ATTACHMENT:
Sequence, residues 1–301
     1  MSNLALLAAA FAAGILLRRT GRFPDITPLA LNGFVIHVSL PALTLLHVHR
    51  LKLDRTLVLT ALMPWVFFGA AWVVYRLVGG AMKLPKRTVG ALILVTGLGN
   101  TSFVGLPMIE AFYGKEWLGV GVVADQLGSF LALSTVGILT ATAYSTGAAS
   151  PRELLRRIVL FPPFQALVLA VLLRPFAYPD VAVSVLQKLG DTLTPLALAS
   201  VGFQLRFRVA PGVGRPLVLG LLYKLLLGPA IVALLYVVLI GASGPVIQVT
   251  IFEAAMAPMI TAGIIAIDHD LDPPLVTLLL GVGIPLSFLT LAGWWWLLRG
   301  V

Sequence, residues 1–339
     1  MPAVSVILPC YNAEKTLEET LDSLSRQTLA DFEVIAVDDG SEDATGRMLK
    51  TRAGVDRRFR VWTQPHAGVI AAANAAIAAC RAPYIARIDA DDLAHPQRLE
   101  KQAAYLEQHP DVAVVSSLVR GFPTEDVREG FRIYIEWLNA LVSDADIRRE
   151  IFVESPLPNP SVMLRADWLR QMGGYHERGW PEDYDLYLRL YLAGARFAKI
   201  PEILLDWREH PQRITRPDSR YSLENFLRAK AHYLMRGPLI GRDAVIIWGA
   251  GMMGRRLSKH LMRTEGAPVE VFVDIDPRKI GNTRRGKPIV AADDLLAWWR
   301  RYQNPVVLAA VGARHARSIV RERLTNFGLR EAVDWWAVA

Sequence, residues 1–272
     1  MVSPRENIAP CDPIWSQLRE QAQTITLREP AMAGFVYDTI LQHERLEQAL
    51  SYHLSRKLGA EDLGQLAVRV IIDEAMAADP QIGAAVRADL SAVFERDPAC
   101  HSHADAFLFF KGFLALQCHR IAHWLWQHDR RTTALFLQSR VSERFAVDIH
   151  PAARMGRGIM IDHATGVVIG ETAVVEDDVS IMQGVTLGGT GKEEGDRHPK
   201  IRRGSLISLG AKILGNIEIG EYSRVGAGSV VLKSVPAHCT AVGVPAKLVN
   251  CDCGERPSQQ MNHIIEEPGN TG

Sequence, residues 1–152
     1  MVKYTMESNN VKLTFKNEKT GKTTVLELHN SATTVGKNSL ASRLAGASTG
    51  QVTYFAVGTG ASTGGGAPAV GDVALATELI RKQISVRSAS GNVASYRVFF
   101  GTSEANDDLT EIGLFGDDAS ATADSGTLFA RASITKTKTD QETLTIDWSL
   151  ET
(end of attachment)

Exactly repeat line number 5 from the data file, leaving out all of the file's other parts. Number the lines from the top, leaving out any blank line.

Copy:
   151  PRELLRRIVL FPPFQALVLA VLLRPFAYPD VAVSVLQKLG DTLTPLALAS